Six Girls and the Tea Room is, if anything, more satisfactory than Six Girls and Bob, and gives me a lot of hope for the rest of the series. It covers the Scollards’ (and Gretta’s) winter in the city, and mostly revolves around the tea room and circulating library that the older girls set up — but with plenty of room for subplots. There are a lot of subplots. Read the rest of this entry ?
Posts Tagged ‘lauraerichards’
Usually the first book of a trilogy is best, but in the case of Geoffrey Strong, Mrs. Tree and Mrs. Tree’s Will, I think the second one wins. Geoffrey Strong was awfully nice, but it was sort of narrow in focus. With Geoffrey and young Vesta out of the way, Laura E. Richards spreads out a bit. Mrs. Tree, sprightly and domineering aunt to Phoebe and Vesta Blyth, is the focal point, but the town of Elmerton — the once and future Quahaug — revolves around her, so you get to see a lot of it. There’s romance here, but it’s in the background. There’s a plot, sort of, but it’s not particularly important. Mrs. Tree is a bunch of bits strung together, and all the bits are really, really good.
I liked Mrs. Tree’s Will less. I don’t think it’s a spoiler to say that Mrs. Tree dies, and, having lost the focal point of the previous book, Richards never really finds a new one. There’s a lot of reminiscing about Mrs. Tree, but that doesn’t help — it just made me miss her more. To be fair, I guess that adds some realism. Reading Mrs. Tree’s Will is a little bit like mourning for someone, so I won’t say it’s not good, but for the same reasons it’s not a particularly pleasant experience.
One thing I did like about Mrs. Tree’s Will was the way it expanded on the character of Homer Hollopeter, who was a figure of fun in Mrs. Tree, but gets to be a credible person in Mrs. Tree’s Will without losing any of his idiosyncrasies. On the other hand, there’s his brother Pindar, who would fit right in with the other inhabitants of Quahaug if Richards has written him with a lighter hand. The same can be said for the romances of Mrs. Tree’s Will, in one of which Pindar plays a part.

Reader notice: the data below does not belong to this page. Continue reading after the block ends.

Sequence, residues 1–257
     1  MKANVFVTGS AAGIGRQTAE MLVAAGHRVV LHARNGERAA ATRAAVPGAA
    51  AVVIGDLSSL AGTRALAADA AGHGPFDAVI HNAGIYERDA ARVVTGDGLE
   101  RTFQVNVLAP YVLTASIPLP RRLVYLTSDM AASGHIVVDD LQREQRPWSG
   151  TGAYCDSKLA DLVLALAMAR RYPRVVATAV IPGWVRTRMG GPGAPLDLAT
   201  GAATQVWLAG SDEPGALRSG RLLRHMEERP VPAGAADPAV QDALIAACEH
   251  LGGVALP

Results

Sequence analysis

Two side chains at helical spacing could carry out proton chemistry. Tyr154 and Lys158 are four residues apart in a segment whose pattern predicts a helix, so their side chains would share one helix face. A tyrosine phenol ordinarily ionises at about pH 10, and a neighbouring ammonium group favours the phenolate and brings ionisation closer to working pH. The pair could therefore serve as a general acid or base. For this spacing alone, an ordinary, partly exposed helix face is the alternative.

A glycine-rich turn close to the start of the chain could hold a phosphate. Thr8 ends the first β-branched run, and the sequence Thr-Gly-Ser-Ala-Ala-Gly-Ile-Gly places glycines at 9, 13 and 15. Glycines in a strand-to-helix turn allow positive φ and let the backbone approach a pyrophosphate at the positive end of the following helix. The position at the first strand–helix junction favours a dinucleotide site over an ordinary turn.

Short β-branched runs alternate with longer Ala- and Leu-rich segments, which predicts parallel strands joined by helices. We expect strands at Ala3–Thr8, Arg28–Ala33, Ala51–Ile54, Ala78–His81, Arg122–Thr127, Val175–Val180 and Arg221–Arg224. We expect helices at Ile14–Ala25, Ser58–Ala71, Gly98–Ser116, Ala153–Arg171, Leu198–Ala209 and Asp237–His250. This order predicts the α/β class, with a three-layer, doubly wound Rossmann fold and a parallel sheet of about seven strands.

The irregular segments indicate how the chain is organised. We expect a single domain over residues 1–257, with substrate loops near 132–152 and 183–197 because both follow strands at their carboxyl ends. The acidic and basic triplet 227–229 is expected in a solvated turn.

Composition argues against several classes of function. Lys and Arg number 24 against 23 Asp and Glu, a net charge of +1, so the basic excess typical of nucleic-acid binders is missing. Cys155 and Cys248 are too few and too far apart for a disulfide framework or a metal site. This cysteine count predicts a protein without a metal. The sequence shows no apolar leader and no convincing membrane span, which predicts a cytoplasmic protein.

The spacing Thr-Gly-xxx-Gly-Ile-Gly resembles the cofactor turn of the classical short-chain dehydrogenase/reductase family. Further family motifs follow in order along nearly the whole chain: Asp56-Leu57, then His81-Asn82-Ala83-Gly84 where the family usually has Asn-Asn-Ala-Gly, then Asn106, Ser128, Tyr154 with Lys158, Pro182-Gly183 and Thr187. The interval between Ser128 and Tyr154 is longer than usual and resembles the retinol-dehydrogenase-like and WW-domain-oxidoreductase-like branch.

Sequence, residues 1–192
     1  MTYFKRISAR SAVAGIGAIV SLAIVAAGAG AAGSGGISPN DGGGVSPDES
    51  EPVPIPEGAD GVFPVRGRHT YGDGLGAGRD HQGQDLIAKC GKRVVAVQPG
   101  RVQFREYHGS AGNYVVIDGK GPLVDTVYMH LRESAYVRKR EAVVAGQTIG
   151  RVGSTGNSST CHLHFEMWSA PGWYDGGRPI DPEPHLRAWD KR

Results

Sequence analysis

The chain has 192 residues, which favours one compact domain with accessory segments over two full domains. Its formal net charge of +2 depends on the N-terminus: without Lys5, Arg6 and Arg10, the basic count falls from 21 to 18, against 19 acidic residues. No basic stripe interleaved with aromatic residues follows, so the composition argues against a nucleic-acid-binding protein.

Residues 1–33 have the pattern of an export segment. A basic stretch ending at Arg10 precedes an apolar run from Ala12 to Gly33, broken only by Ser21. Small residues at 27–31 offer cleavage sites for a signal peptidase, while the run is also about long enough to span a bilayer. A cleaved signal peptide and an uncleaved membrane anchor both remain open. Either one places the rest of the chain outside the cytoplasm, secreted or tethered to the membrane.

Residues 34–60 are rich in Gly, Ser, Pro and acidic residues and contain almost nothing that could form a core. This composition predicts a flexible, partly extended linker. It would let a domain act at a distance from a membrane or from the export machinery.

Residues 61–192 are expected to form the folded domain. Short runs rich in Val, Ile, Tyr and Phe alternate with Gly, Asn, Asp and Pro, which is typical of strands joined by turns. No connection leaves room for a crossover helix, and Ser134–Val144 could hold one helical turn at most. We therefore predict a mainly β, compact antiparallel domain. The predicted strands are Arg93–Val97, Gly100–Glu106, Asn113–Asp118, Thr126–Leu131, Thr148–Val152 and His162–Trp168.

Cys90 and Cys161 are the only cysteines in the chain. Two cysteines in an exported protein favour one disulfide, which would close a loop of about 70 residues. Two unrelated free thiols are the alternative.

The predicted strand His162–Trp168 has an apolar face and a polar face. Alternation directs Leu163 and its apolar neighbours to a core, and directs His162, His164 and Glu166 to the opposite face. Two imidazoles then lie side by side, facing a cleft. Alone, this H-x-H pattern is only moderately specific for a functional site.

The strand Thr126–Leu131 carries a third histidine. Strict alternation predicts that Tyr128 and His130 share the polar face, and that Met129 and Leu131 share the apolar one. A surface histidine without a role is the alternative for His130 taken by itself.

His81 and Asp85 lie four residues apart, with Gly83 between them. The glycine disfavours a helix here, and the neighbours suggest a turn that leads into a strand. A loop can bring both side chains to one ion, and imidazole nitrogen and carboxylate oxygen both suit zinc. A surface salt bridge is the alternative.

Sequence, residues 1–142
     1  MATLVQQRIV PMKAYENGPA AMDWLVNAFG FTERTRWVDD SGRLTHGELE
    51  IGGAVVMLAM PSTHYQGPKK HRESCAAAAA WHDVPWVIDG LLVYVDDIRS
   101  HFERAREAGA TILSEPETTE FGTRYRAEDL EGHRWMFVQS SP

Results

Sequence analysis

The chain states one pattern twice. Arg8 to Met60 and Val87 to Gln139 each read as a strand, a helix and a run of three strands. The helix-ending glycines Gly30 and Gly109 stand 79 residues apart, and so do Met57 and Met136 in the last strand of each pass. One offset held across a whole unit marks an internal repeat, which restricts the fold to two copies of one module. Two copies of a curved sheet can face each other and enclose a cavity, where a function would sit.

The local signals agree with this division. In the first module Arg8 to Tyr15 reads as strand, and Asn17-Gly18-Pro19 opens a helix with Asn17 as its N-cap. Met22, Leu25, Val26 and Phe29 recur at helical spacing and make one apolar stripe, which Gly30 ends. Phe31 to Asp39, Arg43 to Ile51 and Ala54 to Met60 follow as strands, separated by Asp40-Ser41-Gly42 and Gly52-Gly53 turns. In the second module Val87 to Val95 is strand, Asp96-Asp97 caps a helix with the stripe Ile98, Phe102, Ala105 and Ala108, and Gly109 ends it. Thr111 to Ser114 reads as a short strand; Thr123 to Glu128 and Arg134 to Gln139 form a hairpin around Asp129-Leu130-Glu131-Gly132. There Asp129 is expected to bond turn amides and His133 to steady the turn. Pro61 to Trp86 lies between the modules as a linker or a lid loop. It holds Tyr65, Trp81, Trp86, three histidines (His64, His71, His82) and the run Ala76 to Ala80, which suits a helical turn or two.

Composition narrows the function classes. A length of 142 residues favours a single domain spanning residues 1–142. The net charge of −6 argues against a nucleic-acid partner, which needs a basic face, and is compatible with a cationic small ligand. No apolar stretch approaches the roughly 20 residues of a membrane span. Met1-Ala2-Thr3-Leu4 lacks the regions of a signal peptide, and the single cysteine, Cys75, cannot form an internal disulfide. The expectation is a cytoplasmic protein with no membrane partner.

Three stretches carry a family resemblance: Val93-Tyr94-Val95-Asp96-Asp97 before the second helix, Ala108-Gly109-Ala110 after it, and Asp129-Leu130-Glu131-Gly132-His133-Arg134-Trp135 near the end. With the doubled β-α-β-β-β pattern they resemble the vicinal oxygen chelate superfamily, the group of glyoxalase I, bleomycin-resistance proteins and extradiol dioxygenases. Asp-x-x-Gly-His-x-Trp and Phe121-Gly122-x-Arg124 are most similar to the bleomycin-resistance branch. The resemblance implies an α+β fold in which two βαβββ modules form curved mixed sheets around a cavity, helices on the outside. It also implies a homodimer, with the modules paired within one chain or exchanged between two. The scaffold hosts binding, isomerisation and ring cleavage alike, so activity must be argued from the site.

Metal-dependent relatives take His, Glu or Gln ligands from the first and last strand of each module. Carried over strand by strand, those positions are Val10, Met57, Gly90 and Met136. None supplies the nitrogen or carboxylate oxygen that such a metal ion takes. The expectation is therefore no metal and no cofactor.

So, Geoffrey Strong was a lovely, self-contained thing. Mrs. Tree is entirely delightful. Mrs. Tree’s Will feels a little like Laura E. Richards felt obligated to write a third book about these characters, but didn’t really feel like it. I’m not sorry I read it…but I also kind of am.
I tried not to rush straight through Hildegarde’s Harvest, but I couldn’t help it. I thought I loved this series the first time I read it, but now that I’ve read it again, it’s become one of my favorite girls’ series, perhaps second only to Patty Fairfield.
Hildegarde’s Harvest is sort of split into two. In the first half, Hildegarde goes to New York for three days to stay with her Great-Aunt Emily and to sell some cakes she has made (little tulip-shaped almond ones, with a peach cream filling) so that she has enough money to buy Christmas presents. While in the city, she manages to run into Colonel Ferrers and Hugh who have been visiting friends, a number of girls who could be characters in an 1890s Gossip Girl, and all the main characters from Queen Hildegarde.
After her return home, the Merryweathers arrive for Christmas, Jack Ferrers returns from Germany, and Hildegarde pines a little for Roger Merryweather. Things wrap up without to much fanfare, and I’m left feeling a little sad that the series is over.
However, the really important thing about Hildegarde’s Harvest is that it opens with Hildegarde imagining a tea party she would like to give, to which she would invite Robin Hood, William of Orange, and Alan Breck Stuart, among others. She would have David Balfour as well, because she thinks he’d get along with Roger, but not any of King Arthur’s knights, because none of them has a sense of humor.
I love this girl.